8 FPIs Settle Alleged Adani Stock Violations with SEBI

Tanushree Jaiswal Tanushree Jaiswal 22nd April 2024 - 02:25 pm
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More than half a dozen foreign portfolio investors (FPIs) that owned substantial stakes in Adani Group firms are looking to settle securities violation matters with markets regulator SEBI, said people familiar with the matter. They have agreed to pay a certain amount as fines, the people said.

Of the 13 FPIs flagged by SEBI for failing to maintain and disclose information about their ultimate beneficial owners in listed Adani entities, eight are looking to settle securities violation matters with the markets regulator, The Economic Times reported.

The legal representatives of eight FPIs - Albula Investment Fund, Cresta Fund, MGC Fund, Asia Investment Corporation (Mauritius), APMS Investment Fund, Elara India Opportunities Fund, Vespera Fund and LTS Investment Fund - have filed a total of 16 settlement applications with SEBI. The regulator had accused these FPIs of failing to maintain and disclose information about their ultimate beneficial owners as well as for breaching investment limits in listed entities of Adani Group during certain periods.

This matter dates to October, 2020 when SEBI launched an investigation into the shareholding structures of the Adani Group companies. This move came after the market regulators' internal surveillance system flagged worrying concerns about the high concentration of foreign holdings in the conglomerate's listed entities. The question posed by the regulator was whether these overseas investors were acting as fronts for promoters or were genuine public shareholders.

This was one of the issues referred to in the Hindenburg Research report of January, 2023 that led to a slump in the stocks of Adani Group companies. The US-based Hindenburg Research in its report on the Adani Group accused it of round-tripping, money laundering, and other allegations. The Adani Group denied any wrongdoing but the report led to a revival of SEBI's effort to trace the economic interest in the 13 FPIs.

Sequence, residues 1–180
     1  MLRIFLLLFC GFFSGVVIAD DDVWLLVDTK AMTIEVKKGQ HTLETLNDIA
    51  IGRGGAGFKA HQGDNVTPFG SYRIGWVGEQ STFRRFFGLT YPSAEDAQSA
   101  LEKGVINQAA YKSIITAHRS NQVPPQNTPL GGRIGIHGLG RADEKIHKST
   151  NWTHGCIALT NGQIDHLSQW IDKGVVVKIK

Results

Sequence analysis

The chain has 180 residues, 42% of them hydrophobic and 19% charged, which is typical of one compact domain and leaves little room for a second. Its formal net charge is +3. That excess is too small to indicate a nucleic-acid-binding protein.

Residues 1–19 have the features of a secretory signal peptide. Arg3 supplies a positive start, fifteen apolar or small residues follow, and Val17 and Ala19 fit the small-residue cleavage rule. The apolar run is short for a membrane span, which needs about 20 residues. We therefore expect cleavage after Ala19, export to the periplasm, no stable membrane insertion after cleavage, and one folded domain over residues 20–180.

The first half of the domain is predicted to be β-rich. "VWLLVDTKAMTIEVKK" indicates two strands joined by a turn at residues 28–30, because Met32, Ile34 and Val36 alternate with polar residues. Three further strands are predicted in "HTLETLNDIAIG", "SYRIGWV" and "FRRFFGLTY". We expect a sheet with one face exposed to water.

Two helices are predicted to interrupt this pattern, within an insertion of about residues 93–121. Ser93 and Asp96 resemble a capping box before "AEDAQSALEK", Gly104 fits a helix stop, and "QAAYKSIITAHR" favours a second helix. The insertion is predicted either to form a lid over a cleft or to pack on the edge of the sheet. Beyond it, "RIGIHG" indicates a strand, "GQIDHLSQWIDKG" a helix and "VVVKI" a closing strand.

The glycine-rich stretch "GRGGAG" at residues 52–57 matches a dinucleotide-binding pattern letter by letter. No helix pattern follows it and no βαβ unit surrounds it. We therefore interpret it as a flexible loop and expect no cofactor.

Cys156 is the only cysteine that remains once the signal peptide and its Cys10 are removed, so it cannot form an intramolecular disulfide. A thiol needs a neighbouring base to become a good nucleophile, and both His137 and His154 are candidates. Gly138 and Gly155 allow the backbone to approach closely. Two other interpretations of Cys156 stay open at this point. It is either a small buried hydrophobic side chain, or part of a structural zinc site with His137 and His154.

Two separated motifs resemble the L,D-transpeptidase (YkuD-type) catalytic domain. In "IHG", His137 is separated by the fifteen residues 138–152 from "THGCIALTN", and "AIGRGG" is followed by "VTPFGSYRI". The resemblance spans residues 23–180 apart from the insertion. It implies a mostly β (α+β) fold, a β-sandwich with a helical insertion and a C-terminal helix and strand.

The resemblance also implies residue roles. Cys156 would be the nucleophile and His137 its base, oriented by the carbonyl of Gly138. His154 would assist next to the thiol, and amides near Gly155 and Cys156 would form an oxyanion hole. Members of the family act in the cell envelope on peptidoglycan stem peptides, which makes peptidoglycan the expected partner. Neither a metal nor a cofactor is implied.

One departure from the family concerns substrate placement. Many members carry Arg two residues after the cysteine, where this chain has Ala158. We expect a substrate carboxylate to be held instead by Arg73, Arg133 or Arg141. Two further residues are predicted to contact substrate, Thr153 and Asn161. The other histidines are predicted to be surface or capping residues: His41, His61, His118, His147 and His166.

Several other FPIs that also owned stocks of Adani Group companies and were accused of violations by SEBI are planning to submit settlement applications, the people said. Regulatory experts say that parties charged with securities law violations often seek a settlement but it's up to SEBI to accept or reject them. The FPIs don't admit or deny wrongdoing, a common practice among parties settling with the market regulator.

After going through the settlement applications, SEBI calls legal representatives of the FPIs to negotiate terms and conditions. If agreeable to all sides, the settlement terms will be placed before an independent advisory committee headed by a retired chief justice of a high court. Based on the committee's recommendations, which could include modifications to the terms or rejection of the settlement, SEBI will pass a settlement order or proceed with legal action.

The regulator has identified a total of 13 Foreign Portfolio Investors for scrutiny, including the eight previously mentioned and five others -- Emerging India Focus Funds, EM Resurgent Fund, Polus Global Fund, New Leaina Investments, and Opal Investments.

However, the investigation came to a standstill as SEBI struggled to determine the ultimate beneficial owners of these FPIs and their potential connections to the Adani Group.

In its submission in August 2023 to the Supreme Court, where multiple public interest litigations (PILs) had been filed seeking a probe into the Hindenburg allegations, SEBI said it had analysed trading by three clusters of FPIs in seven Adani Group stocks - Adani Enterprises, Adani Ports & SEZ, Adani Green Energy, Adani Transmission (now Adani Energy Solutions), Adani Power, Adani Total Gas and Adani Wilmar - between March 1, 2020, and December 31, 2022.

These analyses were related to alleged price volume manipulation, minimum public shareholding violation, FPI investment limit breach and offshore derivative instrument norm violation, it said.

Though the Supreme Court in January this year disposed of the PILs, it had directed SEBI to complete its pending investigations and "to take its investigations to logical conclusion in accordance with law".

If the matters are settled between the SEBI and the FPIs, it could bring the curtain down on the four-year inquiry into the issue.

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